No. 228. Report of Captain Henry C. Adams, Eleventh Maine Infantry.1
HEADQUARTERS ELEVENTH MAINE VOLUNTEERS,
In the Field, Va., April 11, 1865.
SIR: I have the honor to submit the following report of movements of the Eleventh Maine Volunteers since leaving camp, north of the James, Monday evening, March 27, 1865:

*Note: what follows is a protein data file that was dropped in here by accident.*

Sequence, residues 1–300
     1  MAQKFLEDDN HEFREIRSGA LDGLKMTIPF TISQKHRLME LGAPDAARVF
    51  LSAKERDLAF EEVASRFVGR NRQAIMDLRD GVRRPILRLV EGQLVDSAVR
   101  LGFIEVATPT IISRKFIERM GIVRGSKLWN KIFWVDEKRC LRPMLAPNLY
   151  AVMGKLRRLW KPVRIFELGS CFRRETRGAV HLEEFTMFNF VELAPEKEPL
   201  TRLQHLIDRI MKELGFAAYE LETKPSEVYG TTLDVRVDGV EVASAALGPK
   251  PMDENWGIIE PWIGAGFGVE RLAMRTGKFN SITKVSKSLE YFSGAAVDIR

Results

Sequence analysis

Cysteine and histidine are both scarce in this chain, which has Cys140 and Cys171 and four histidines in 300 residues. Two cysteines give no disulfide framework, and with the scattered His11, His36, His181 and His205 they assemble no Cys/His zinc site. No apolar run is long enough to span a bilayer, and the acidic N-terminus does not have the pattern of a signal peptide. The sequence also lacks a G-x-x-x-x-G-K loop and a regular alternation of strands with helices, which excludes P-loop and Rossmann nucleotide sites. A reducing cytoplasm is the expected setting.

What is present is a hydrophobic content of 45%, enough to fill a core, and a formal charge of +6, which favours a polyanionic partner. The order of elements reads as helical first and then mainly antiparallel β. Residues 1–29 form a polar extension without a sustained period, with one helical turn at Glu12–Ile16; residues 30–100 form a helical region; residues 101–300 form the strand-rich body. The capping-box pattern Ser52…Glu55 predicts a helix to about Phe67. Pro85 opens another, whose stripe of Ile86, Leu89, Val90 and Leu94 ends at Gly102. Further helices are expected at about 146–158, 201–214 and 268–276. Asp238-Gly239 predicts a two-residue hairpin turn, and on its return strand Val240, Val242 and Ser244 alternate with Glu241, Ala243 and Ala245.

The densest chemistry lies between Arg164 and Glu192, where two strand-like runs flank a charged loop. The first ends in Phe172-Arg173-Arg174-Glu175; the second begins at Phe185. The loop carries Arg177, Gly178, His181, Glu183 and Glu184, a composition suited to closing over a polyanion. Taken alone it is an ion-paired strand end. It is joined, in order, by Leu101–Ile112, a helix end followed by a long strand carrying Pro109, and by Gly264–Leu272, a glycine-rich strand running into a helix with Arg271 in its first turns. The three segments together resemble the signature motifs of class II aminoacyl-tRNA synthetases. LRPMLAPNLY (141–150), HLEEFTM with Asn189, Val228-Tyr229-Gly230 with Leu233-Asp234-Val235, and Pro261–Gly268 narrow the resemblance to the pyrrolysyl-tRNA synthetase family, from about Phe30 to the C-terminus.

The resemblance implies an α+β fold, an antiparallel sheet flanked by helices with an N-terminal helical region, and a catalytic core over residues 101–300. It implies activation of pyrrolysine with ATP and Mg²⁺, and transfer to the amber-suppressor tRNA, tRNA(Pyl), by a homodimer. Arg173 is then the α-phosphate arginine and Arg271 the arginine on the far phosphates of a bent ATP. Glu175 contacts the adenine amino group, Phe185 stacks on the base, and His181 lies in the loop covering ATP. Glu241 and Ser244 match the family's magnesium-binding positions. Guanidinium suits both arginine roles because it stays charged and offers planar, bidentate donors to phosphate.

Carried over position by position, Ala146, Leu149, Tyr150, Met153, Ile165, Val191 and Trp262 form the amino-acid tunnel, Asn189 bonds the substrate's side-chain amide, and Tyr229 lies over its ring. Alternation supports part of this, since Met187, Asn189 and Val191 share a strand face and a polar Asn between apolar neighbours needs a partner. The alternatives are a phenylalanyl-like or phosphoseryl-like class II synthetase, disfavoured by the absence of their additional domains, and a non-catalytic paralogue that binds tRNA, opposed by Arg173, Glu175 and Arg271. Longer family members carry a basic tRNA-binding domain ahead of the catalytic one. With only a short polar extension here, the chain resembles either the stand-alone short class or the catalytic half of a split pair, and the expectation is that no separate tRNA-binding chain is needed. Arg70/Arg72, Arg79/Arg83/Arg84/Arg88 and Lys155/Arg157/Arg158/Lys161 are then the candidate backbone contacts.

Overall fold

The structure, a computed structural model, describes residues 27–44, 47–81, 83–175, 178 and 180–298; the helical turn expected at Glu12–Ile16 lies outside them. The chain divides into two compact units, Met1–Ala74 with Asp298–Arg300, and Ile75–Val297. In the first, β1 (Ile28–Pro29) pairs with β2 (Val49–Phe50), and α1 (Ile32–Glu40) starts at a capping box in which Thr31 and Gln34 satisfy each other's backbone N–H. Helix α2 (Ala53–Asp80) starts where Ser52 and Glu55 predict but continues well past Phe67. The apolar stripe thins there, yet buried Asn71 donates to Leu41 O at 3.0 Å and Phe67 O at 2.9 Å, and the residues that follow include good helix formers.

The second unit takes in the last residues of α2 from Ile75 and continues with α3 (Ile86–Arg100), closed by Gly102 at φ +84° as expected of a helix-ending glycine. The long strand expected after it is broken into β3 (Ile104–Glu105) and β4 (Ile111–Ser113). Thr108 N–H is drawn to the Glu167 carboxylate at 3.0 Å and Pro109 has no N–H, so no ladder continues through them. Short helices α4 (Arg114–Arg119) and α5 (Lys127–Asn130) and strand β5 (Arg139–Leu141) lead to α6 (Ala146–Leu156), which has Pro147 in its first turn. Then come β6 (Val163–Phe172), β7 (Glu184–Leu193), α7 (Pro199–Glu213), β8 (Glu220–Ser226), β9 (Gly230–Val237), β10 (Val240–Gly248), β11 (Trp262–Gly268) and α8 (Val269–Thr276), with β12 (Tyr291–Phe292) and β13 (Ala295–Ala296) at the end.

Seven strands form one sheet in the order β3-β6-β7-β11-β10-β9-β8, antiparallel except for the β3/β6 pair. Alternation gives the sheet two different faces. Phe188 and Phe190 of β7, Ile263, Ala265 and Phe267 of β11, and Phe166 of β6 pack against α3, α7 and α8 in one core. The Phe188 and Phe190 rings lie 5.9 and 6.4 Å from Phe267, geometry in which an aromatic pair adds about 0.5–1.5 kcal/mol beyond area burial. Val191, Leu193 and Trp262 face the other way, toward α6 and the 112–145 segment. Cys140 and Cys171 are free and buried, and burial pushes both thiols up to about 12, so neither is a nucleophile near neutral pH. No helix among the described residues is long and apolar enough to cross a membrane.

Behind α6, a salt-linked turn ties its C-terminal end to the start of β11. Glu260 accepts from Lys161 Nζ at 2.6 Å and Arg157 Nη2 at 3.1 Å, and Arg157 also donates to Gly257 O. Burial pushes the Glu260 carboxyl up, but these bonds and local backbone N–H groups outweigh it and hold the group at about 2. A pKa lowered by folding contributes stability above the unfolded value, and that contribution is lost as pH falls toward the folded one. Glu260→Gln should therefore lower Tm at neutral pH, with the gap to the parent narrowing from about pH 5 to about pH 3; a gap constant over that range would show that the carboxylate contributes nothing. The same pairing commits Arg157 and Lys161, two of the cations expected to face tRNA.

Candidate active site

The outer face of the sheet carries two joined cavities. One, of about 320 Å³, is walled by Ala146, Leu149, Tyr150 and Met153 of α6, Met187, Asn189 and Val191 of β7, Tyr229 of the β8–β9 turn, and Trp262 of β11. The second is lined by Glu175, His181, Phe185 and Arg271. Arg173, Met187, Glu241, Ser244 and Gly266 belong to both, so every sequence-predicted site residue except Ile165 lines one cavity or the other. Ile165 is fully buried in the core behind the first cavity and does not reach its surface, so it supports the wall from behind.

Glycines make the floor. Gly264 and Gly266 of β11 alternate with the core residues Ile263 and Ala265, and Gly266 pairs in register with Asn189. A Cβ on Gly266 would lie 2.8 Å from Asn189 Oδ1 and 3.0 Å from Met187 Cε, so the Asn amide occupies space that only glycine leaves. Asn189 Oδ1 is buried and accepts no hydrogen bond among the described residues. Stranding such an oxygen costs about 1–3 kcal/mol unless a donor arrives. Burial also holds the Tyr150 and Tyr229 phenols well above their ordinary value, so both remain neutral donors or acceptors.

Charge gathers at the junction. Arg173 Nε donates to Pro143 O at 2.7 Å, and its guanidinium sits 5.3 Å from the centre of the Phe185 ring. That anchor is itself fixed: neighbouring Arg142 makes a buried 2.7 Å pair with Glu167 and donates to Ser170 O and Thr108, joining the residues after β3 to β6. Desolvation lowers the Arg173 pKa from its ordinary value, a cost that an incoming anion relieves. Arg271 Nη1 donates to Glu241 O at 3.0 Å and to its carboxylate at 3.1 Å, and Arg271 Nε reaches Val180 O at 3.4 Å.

The regiment left camp under the command of Lieutenant-Colonel Hill, and marched until Tuesday evening, halting at different times for a short time. We encamped a few miles west of the Weldon railroad. Wednesday morning we moved out and occupied a portion of the camp vacated by the Second Army Corps. At this place 394 men, properly officered, were detailed for picket. I went in command of the detail, Major Baldwin being brigade officer of the day. Our pickets relieved the pickets of the Second and Third Brigades, Second Division, Second Corps. Thursday morning we were relieved by the Tenth Connecticut Volunteers, and returned to camp. Lieutenant-Colonel Hill was detailed as division officer of the day, leaving Major Baldwin in command of the regiment. About noon we were ordered to the front in light marching order. We advanced and formed a line to the right of Hatcher’s Run, the left the Eleventh connecting with the right of the Second Division, Twenty-fourth Army Corps, but resting a short distance in advance. About dark we fell back on a line with the Second Division, and lay under arms all night. Soon after daylight Friday morning, axes having been obtained, twenty men were put to work felling trees under direction of Major Baldwin, he intending to erect breast-works. Heavy firing commencing on the skirmish line, the men were ordered to fall in, leaving the breast-works unfinished. About 9 a.m. four companies-A, Captain Rolfe; B, Lieutenant Brady; G, Lieutenant Bunker; and H, Captain Maxfield-were ordered out to support the skirmish line. They remained until 4 p.m., when they were